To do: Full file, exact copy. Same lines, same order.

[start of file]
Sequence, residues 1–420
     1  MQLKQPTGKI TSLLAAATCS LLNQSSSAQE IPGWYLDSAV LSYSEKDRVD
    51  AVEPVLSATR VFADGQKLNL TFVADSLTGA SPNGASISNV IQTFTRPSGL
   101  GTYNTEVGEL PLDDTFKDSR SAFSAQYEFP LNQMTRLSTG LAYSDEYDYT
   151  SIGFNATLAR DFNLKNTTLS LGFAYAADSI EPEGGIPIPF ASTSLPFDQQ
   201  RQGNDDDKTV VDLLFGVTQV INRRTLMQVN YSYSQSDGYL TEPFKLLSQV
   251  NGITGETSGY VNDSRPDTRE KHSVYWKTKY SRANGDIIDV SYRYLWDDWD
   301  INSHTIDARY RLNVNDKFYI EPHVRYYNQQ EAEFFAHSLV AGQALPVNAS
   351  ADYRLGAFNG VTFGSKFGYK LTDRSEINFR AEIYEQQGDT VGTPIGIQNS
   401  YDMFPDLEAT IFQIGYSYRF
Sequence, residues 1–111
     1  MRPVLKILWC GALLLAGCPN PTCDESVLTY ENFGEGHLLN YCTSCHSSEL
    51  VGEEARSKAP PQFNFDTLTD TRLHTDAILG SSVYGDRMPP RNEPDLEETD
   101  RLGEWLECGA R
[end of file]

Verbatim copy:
Sequence, residues 1–420
     1  MQLKQPTGKI TSLLAAATCS LLNQSSSAQE IPGWYLDSAV LSYSEKDRVD
    51  AVEPVLSATR VFADGQKLNL TFVADSLTGA SPNGASISNV IQTFTRPSGL
   101  GTYNTEVGEL PLDDTFKDSR SAFSAQYEFP LNQMTRLSTG LAYSDEYDYT
   151  SIGFNATLAR DFNLKNTTLS LGFAYAADSI EPEGGIPIPF ASTSLPFDQQ
   201  RQGNDDDKTV VDLLFGVTQV INRRTLMQVN YSYSQSDGYL TEPFKLLSQV
   251  NGITGETSGY VNDSRPDTRE KHSVYWKTKY SRANGDIIDV SYRYLWDDWD
   301  INSHTIDARY RLNVNDKFYI EPHVRYYNQQ EAEFFAHSLV AGQALPVNAS
   351  ADYRLGAFNG VTFGSKFGYK LTDRSEINFR AEIYEQQGDT VGTPIGIQNS
   401  YDMFPDLEAT IFQIGYSYRF
Sequence, residues 1–111
     1  MRPVLKILWC GALLLAGCPN PTCDESVLTY ENFGEGHLLN YCTSCHSSEL
    51  VGEEARSKAP PQFNFDTLTD TRLHTDAILG SSVYGDRMPP RNEPDLEETD
   101  RLGEWLECGA R